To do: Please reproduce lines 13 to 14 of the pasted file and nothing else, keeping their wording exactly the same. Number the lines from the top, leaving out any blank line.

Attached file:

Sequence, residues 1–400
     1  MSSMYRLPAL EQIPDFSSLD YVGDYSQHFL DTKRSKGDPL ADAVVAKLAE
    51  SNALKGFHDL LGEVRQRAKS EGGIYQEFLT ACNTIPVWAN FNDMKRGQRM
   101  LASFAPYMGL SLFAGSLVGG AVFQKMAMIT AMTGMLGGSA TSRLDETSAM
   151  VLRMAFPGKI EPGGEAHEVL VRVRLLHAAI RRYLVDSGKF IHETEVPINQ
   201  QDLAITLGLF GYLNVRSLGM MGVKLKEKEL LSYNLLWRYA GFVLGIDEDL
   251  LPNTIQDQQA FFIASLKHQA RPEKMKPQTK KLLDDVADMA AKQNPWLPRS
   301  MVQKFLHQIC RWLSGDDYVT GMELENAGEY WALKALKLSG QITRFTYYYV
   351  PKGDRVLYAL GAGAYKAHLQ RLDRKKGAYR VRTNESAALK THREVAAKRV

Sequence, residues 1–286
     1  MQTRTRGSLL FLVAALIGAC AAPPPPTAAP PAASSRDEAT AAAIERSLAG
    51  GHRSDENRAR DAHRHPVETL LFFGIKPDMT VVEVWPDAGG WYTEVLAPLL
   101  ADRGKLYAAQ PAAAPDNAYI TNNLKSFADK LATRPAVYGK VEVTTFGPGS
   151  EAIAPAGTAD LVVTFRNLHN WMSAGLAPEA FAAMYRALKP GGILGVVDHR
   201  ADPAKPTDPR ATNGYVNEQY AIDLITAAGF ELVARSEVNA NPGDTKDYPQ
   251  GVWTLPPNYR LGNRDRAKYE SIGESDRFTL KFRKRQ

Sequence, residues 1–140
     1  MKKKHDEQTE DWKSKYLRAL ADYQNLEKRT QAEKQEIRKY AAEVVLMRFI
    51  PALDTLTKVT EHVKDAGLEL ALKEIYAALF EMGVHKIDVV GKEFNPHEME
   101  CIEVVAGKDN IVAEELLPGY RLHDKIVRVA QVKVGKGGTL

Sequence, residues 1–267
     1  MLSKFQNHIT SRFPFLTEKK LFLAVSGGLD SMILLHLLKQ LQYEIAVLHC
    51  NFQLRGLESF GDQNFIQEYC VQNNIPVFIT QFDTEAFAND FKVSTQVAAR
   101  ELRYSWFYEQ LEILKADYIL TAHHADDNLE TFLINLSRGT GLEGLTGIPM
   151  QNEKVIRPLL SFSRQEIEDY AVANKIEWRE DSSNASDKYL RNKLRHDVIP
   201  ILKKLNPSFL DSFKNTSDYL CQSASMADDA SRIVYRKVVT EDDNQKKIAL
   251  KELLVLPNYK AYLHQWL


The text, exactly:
   101  ADRGKLYAAQ PAAAPDNAYI TNNLKSFADK LATRPAVYGK VEVTTFGPGS
   151  EAIAPAGTAD LVVTFRNLHN WMSAGLAPEA FAAMYRALKP GGILGVVDHR